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Marginal Revenue Explained With Formula and Example

Marginal Revenue Explained With Formula and Example

Marginal Revenue Explained, With Formula and Example

What Is Marginal Revenue?

Marginal revenue is the increase in revenue that results from selling one additional unit of output. While marginal revenue can remain constant over a certain level of output, it follows the law of diminishing returns and will eventually slow down as the output level increases. In economic theory, perfectly competitive firms continue producing output until marginal revenue equals marginal cost.

Key Takeaways

-Marginal revenue refers to the incremental change in earnings resulting from the sale of one additional unit.

-Analyzing marginal revenue helps a company identify the revenue generated from each additional unit sold.

-Marginal revenue is often shown graphically as a downward-sloping line representing how a company usually has to decrease its prices to drive additional sales.

-A company looking to maximize its profits will produce up to the point where marginal cost equals marginal revenue.

-When marginal revenue falls below marginal cost, firms typically do a cost-benefit analysis and halt production as it may cost more to sell a unit than the company will receive as revenue.

Understanding Marginal Revenue

Marginal revenue is a financial and economic calculation that determines how much revenue a company earns for each additional unit sold. The price of a good is often tied to market supply and demand, and a company’s marginal revenue often varies based on how many units it has already sold.

Marginal revenue is useful in several contexts. Companies use historical marginal revenue data to analyze customer demand for products in the market. They also use the information to set the most effective and efficient prices. Lastly, companies rely on marginal revenue to better understand forecasts; this information is used to determine future production schedules, such as material requirements planning.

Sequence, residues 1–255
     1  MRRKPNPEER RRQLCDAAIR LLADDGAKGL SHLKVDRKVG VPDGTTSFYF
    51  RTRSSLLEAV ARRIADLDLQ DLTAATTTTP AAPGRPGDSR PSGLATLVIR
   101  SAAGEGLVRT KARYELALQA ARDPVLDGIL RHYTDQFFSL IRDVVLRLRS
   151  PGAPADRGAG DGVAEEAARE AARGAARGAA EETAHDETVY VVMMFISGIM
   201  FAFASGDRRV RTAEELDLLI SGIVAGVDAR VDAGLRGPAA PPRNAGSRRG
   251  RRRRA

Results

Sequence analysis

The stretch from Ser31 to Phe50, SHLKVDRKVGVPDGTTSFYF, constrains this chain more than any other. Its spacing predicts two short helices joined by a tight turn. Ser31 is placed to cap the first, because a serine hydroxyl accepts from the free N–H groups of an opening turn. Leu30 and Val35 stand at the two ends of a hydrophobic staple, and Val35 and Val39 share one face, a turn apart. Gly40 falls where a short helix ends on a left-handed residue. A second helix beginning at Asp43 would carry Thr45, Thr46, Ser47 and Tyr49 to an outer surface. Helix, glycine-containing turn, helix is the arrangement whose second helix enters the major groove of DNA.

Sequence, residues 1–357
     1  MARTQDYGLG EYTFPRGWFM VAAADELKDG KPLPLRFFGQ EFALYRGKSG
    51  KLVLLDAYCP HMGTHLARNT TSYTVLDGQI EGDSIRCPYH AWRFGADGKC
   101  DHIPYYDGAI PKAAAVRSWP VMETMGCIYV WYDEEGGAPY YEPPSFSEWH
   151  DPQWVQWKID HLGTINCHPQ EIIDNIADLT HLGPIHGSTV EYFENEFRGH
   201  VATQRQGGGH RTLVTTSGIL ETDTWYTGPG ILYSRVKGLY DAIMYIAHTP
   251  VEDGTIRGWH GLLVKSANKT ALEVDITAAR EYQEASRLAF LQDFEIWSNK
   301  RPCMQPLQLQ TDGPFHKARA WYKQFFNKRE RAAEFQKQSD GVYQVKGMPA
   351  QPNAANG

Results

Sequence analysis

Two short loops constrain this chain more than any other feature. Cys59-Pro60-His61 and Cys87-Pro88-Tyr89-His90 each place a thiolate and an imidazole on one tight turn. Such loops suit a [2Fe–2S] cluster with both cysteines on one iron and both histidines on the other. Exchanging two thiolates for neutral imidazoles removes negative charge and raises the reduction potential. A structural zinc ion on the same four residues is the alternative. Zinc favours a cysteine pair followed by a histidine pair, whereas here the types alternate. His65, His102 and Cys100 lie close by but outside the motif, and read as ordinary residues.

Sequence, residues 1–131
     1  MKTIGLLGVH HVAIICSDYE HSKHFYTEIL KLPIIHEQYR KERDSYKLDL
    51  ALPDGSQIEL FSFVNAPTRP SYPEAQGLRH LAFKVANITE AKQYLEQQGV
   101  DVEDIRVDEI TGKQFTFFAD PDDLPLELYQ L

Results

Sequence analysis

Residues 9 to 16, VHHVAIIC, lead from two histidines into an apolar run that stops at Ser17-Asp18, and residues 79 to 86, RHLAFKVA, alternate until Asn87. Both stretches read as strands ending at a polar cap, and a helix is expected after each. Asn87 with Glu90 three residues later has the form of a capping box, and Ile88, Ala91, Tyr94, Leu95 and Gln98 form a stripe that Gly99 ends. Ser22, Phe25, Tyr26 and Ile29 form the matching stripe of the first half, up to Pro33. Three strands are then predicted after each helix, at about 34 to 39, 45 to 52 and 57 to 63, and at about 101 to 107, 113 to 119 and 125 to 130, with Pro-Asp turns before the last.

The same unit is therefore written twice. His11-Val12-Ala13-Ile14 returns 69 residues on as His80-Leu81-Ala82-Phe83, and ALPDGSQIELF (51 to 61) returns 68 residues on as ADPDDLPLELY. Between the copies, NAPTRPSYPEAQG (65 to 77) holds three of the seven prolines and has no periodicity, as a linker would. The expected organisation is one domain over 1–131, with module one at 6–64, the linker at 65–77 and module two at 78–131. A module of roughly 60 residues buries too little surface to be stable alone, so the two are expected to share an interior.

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Ideally, the change in measurements captures the difference from a single quantity to the next available quantity. However, it can still be used to capture the average marginal revenue across a series of units.

How to Calculate Marginal Revenue

A company calculates marginal revenue by dividing the change in total revenue by the change in total output quantity. The formula for marginal revenue can be expressed as: Marginal Revenue = Change in Revenue / Change in Quantity.

For example, if a company sold its first 100 items in one week for a total of $1,000 and sold a total of 115 units for $1,100 the next week, the marginal revenue for units 101 through 115 is $100, or $6.67 per unit.

Positive marginal revenue is informative but does not convey enough information to a company for smarter decision-making. Marginal transaction information should include expenses to garner the most insight.

Marginal Revenue Curve